In this audio, National Planning and Development Minister Lucky Mulusa says it is unconstitutional for universities to send away students who are about to write exams simply because their parents have not paid school fees.
Reacting to the decision by the University of Zambia’s decision to bar over 850 students with outstanding balances from writing examinations next month, Mulusa said there were many ways of collecting fees without inconveniencing students.
“I was shocked yesterday to read about UNZASU (University of Zambia Students Union) saying, they support blocking of students who haven’t paid their school fees from writing exams. It is unconstitutional. The Constitution has got a provision for access to education, both private and public institutions should stop sending away students from because their parents have not paid, refusing them from writing exams because their parents have not paid. It is wrong. There are other means you can use in collecting fees and one of the ways is withholding the results. Somebody will look for the money and come and pay you,” Mulusa said.
Mulusa said institutions of higher learning were actually stealing from students by making them pay for semesters which they never attended.
“In fact institutions of learning are stealing from students because when students are coming to pay, they clear semesters they never attended. Even kids at nursery and primary school, they are being sent away because their parents have not paid. A child has human rights and human rights must be protected especially for children. So as a nation it has become very…we have half baked graduates because of this tendency of sending students away,” Mulusa said.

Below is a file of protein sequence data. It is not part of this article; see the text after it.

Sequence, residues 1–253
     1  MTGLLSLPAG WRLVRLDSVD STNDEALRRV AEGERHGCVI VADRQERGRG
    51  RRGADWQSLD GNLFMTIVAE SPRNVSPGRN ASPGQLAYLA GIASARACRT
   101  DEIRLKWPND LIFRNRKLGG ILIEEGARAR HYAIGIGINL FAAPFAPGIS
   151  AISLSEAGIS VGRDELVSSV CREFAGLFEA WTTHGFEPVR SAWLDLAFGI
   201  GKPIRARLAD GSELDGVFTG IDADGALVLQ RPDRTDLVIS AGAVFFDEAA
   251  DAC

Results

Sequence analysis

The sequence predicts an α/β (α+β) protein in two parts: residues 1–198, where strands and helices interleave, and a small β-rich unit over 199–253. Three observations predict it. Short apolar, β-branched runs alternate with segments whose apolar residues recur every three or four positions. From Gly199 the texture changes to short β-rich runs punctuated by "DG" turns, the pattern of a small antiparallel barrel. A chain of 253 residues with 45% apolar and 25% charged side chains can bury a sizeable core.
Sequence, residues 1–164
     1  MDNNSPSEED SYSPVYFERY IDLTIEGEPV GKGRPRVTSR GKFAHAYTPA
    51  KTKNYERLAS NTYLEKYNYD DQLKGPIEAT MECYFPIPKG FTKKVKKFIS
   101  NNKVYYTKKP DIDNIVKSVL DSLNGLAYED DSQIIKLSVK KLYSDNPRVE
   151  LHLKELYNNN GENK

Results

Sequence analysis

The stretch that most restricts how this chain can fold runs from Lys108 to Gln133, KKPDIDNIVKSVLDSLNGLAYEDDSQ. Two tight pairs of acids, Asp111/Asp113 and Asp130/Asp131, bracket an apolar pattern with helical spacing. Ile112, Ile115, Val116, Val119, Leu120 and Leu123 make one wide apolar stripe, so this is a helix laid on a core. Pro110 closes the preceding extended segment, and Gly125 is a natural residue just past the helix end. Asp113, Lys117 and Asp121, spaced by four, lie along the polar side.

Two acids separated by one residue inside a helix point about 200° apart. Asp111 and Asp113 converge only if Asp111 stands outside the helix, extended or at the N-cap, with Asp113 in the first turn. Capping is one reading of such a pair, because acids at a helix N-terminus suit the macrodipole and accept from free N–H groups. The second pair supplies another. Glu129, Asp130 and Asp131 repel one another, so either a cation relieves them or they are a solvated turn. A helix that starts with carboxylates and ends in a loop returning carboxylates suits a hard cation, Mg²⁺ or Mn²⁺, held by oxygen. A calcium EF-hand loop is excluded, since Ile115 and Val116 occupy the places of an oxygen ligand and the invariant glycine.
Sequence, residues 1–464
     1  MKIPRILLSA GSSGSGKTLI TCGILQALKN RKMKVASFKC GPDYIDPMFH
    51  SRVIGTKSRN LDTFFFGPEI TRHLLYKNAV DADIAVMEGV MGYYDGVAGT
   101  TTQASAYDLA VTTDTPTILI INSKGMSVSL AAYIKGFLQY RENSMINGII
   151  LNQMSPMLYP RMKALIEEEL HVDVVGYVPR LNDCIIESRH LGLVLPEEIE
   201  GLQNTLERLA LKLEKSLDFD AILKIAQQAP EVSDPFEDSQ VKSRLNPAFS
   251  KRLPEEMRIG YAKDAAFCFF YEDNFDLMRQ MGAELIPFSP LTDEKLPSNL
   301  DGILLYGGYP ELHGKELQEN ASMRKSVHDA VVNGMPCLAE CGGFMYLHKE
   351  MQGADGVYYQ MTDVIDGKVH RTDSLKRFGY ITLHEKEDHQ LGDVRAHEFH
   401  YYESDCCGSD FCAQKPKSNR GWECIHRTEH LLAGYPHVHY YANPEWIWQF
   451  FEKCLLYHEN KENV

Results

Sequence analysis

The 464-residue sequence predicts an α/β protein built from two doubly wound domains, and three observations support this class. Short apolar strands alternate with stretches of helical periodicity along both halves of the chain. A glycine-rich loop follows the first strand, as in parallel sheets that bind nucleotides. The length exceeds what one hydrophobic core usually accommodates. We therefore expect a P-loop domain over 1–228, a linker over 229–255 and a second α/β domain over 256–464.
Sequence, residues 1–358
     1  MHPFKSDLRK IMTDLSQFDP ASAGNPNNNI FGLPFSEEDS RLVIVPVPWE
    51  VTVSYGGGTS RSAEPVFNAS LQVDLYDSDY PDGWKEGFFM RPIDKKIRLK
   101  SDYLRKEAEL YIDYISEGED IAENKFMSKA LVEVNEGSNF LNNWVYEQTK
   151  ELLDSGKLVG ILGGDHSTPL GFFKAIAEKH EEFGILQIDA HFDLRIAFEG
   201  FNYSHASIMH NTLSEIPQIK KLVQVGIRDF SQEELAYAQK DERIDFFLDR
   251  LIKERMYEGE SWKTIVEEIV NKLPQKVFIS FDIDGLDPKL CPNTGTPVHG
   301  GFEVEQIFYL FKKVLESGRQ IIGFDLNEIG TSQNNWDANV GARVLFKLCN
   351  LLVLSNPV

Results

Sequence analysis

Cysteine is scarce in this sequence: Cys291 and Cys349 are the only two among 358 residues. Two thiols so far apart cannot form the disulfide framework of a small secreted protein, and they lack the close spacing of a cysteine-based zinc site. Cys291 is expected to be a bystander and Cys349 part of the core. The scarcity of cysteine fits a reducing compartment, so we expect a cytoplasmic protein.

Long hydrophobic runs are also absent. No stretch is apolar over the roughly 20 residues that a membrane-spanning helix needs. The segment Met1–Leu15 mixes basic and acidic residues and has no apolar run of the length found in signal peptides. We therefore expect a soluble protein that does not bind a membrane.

“The President said please read the constitution, University of Lusaka read the Constitution, when you go back to the university, read the Constitution. You have got no right to send away a child from school because they have not paid school fees. Find other means to collect your money.”
Take a listen:
And Mulusa, who was speaking at a media interactive forum at Intercontinental Hotel under the theme “promoting inclusive growth in Zambia”, urged critics to read the Seventh National Development Plan before rushing to make statements in the media.
“Let me state here that the 7NDP does not require extra funding beyond the funds which have already been envisaged in the roll out up to 2021. It is about a paradigm shift, a mindset shift, you will recall that there was a time when the President was accused of not having a plan of his own at all, what the President said was that ‘I belong to a political party that has an agenda which I am part of and therefore, my plan is continuity with change’,” said Mulusa.
“What the President has brought is a proper sequencing of projects so that they are able to finance each other.”